Also known as “Cellulose Nitrate”, “Collodion Wool”, “Soluble Gun Cotton”, “Iodion Cotton”, “Pyroxylin”, “Colloxylin” “Xyloidin”, “Celloidin” “Parlodion”, nitrocellulose is a product that has found many uses on everyday life. It is a white, yellow or transparent plastic, which can be anywhere from brittle to flexible. Nitrocellulose (mainly C6H7N3O11)is used to make anything from Smokeless Gun Powder (also called Triple Base, due to the addition of nitroglycerine, nitroguanidine flash suppressor and burn rate catalysts), Double Base (DB) solid rocket propellants (with 30 – 50% nitroglycerine added to result in a perfect oxygen balance), to waterproof fuses in pyrotechnics, inks, adhesives, varnishes, resins, lacquer coatings, embedding sections in microscopy, photography, electro techniques, galvanoplasty, and even certain plastics, such as what is used in ping-pong balls. It can have properties ranging from a strong, resistant plastic to an unstable class B (highly flammable, explosive when confined) explosive material, all determined by the nitrogen content…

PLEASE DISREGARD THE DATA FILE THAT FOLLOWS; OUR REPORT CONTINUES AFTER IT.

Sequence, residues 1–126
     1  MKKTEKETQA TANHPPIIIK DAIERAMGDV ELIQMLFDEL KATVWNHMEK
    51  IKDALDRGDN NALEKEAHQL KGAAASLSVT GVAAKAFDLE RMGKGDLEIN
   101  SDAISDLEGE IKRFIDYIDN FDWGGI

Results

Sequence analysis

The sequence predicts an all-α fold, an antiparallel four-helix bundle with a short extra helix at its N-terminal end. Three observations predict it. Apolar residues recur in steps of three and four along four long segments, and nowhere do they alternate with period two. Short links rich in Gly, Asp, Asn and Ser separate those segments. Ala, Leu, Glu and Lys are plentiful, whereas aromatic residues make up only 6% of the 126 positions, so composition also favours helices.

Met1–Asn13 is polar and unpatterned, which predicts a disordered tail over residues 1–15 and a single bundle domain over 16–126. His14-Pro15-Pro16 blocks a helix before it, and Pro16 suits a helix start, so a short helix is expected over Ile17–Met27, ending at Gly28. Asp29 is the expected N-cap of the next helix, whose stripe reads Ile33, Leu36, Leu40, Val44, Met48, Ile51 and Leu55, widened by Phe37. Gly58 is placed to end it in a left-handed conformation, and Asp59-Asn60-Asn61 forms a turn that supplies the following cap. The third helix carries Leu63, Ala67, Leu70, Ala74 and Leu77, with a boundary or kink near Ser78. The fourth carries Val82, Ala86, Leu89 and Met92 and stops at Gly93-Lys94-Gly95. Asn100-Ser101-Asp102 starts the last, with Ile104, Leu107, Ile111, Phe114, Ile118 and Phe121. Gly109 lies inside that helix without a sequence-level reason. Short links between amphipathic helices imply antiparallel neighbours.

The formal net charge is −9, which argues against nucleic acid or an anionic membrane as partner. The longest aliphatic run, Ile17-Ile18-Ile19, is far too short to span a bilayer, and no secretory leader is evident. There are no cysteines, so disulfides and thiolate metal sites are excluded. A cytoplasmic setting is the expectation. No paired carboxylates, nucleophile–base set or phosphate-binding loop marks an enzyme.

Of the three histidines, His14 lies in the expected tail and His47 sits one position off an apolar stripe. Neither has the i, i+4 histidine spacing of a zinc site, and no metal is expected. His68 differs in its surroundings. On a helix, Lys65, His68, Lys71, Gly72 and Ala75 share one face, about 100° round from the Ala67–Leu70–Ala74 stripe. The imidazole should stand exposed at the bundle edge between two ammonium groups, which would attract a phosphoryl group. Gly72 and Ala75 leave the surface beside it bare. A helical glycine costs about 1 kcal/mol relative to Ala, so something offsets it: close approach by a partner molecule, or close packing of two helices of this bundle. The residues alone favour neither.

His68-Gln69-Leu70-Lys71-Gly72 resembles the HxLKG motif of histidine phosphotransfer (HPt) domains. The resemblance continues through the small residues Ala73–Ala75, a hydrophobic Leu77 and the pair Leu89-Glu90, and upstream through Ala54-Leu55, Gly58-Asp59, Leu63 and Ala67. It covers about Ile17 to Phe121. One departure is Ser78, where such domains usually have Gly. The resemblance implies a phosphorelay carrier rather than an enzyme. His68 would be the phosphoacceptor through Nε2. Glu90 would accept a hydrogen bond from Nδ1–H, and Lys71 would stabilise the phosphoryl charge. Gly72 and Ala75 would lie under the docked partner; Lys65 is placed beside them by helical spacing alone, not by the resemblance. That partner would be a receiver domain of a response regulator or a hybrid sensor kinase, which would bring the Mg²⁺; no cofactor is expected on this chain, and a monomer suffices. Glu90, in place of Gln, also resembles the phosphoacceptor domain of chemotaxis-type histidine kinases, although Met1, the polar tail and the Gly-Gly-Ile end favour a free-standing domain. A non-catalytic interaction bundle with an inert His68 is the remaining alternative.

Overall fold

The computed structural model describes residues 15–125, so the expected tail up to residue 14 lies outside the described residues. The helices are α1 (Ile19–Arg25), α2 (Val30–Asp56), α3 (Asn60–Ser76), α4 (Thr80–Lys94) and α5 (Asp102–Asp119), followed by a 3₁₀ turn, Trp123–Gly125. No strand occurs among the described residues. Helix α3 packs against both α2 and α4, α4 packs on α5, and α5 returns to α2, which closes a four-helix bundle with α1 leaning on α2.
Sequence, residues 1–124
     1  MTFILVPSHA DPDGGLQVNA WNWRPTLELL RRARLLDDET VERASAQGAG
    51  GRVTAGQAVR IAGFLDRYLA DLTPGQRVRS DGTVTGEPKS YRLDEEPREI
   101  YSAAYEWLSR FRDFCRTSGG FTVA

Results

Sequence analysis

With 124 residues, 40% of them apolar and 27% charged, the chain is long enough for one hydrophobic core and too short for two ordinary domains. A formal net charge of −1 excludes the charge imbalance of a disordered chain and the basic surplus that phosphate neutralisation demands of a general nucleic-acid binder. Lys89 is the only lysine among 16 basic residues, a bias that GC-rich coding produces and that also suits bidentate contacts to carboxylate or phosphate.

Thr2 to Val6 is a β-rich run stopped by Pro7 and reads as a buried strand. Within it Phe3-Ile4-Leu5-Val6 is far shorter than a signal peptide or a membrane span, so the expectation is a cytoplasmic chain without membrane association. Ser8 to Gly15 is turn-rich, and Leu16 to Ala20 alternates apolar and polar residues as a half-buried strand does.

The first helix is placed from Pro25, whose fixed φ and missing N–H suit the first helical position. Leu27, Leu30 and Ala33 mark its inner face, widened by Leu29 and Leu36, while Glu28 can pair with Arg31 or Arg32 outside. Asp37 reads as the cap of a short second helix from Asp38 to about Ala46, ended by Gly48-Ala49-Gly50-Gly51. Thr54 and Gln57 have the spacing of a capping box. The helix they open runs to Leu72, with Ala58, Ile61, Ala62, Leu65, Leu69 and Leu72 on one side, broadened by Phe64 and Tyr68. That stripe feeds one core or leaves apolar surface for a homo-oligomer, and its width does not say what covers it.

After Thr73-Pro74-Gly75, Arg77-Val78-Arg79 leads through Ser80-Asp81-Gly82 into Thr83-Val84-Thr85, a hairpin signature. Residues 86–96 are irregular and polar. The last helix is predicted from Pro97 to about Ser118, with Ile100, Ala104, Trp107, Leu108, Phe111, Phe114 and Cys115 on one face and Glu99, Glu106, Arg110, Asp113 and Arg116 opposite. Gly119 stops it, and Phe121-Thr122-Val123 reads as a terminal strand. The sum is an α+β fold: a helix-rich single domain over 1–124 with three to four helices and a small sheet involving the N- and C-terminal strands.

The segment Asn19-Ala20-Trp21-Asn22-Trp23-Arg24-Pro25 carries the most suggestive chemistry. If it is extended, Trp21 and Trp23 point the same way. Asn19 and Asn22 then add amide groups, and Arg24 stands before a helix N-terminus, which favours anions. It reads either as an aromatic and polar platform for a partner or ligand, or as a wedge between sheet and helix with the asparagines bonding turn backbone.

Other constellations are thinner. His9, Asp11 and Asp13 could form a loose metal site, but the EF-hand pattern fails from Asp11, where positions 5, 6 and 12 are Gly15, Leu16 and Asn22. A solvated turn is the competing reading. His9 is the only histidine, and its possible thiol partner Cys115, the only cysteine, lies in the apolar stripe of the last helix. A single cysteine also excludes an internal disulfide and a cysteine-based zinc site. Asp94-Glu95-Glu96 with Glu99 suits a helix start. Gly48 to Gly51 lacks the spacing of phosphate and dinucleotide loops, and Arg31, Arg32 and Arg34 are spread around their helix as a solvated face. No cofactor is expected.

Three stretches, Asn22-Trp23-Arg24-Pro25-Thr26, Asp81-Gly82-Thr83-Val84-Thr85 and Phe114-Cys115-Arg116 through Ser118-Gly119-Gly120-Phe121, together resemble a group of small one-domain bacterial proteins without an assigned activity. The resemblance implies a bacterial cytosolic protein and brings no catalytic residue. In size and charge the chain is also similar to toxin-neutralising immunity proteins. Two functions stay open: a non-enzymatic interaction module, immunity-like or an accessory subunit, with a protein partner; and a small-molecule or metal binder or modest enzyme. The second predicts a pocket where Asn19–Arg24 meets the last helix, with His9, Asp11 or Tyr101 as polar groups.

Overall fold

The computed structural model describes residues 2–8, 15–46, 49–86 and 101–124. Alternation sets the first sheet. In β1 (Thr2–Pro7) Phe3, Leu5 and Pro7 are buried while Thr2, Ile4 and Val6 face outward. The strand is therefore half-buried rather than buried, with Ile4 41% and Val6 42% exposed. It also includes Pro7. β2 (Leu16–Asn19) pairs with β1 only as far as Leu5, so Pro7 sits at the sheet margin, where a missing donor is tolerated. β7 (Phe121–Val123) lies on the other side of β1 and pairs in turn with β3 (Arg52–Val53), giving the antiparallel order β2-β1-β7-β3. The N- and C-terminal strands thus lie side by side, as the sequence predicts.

Here the procedure for making nitrocellulose are outlined with the sole intent of scientific information. Although it is one of the safest nitration procedures (there have been no reported cases (at least that I am aware off) of incidents occurring during manufacture), and the cellulose nitrate produced here is of a lower nitrogen content (the plastic tetranitrate, as opposed to the explosive hexanitrate), the products do require expert handling, and even though it does not constitute in a very big explosion hazard, the procedure requires the handling of concentrated Sulphuric and Nitric acids, as well as highly flammable Acetone, which make it very hazardous for anyone unskilled with chemistry to attempt. Once again I discourage anyone to attempt these procedures, and if you choose to do so you are doing it at your own risk.
For trinitrate the formula is as follows: C6H7O(OH)3O + 3 OHNO2 –> C6H7(ONO2)3O + 3H2O
Here all the materials and reactants needed for the synthesis of nitrocellulose can be seen: From the back row to the front, from left to right:
100mL bottle of 98%Conc. H2So4, 100mL bottle of 70% Conc. HNO3, 1L of Distilled Water, 100mL of Acetone.
10mL Glass pipette
0.5g cotton pad, 2X 150mL Pyrex glass beakers
Glass stirring rod.
For this procedure 5ml of 50 – 50% (by vol.) nitrating mixture was prepared, as seen below, and to it the .5g cotton pad was added. The cotton was allowed to nitrate for five minutes at room temperature, while stirring.